In addition to Davis and Benner, it is important to acknowledge the work and contributions of a half dozen associate editors as well as the five sponsoring agencies. The editorial team included Daniel Stowell, Susan Krause, John A. Lupton, Stacy Pratt McDermott, Christopher A. Schnell, and Dennis E. Suttles. The sponsors include the Illinois Historic Preservation Agency, the Abraham Lincoln Association, the University of Illinois at Springfield, the National Historical Publications and Records Commission, the National Endowment for the Humanities, and the Shelby Cullom Davis Foundation. Each individual and organization did their part to insure the success of the project.
The editors set a benchmark for scholarly diligence. In their quest for relevant documents, they published notices in more than three hundred publications announcing the project and requesting information on any known Lincoln law documents. They contacted fourteen thousand libraries and manuscript repositories across the country in order to determine if those institutions held any relevant materials, and they chose to visit sixty-one of the institutions, where they located and copied hundreds of pertinent documents. The editors also visited eighty-eight Illinois county courthouses and records repositories to scour their documentary holdings. Beyond that, the editors searched through major Illinois newspapers prior to 1861, consulted manuscript catalogs, and tracked down private collectors. I am confident that this collection is as complete as is humanly possible.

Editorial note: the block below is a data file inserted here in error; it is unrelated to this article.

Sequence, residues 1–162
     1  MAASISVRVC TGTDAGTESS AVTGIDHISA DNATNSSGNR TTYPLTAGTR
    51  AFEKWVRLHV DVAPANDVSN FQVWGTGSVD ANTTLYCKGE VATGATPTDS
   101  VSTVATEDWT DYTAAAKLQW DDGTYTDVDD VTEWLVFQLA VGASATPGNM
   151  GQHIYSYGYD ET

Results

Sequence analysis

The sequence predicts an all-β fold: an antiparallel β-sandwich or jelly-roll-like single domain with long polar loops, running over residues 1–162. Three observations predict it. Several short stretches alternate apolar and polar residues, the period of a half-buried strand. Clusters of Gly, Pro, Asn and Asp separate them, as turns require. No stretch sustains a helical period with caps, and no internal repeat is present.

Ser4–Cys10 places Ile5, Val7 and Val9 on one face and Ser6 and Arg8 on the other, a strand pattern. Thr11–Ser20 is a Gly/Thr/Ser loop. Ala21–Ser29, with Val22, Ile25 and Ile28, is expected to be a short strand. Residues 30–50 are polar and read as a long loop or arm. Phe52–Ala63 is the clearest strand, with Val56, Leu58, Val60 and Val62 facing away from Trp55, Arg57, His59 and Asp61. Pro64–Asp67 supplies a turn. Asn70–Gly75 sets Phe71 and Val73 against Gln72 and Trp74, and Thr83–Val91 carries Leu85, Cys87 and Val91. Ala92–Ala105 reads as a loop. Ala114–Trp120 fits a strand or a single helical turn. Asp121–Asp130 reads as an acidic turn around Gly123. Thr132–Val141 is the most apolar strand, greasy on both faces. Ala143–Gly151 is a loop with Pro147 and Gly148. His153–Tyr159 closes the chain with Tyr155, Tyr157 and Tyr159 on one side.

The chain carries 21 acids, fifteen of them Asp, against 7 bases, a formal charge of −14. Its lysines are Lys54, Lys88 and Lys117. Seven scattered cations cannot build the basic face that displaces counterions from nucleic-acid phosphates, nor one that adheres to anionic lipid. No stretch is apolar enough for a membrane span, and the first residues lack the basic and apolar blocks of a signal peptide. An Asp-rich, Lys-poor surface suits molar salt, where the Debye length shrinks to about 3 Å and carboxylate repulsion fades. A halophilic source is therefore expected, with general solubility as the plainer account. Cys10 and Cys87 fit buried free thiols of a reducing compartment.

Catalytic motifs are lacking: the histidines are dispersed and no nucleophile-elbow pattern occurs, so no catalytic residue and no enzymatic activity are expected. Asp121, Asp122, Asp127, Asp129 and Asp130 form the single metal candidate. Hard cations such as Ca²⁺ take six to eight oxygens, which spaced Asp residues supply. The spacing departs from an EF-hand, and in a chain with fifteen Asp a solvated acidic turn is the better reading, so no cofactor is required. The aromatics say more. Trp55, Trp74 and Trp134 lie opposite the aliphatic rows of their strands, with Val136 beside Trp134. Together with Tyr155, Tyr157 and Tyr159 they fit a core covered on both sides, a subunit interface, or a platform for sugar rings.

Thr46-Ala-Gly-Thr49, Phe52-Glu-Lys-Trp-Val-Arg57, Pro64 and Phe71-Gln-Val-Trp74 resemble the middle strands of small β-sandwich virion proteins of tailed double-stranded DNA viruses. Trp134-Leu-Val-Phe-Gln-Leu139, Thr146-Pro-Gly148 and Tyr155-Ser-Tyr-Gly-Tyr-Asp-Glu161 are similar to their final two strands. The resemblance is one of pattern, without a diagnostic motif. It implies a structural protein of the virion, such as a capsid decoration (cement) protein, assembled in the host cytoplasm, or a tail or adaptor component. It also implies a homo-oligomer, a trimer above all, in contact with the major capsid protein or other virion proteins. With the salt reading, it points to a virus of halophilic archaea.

Given the enormous number of documents, it is surprising to learn that Lincoln and his partners had a fairly typical practice compared to other attorneys in Illinois at that time. "Like most attorneys," the editors write, "[Lincoln and his partners] were general practitioners; they did not specialize in ay one area of the law, and they represented all walks of society throughout all court jurisdictions." But the editors are quick to caution scholars not to draw too many conclusions from the extant documents. Noting that frequent fires and floods destroyed many federal court records, the editors argue that "Lincoln and his partners undoubtedly had a larger federal court practice than what is presented in this edition and it was probably more evenly spread over the years, but the documentation to support this view no longer exists."
In their Introduction, the editors note that this publication "represents a milestone in documentary editing because it is one of the first editions to be presented in electronic form." They are too modest in their claim because The Law Practice of Abraham Lincoln is much more than that. This documentary edition is a prototype for the future of both documentary editing and scholarly research. It would be well if such sponsoring agencies as the National Historical Publications and Records Commission and the National Endowment for the Humanities use this publication as a benchmark for funding all future documentary editions.
© Illinois Historic Preservation Agency, 2001.
Used by permission, Journal of Illinois History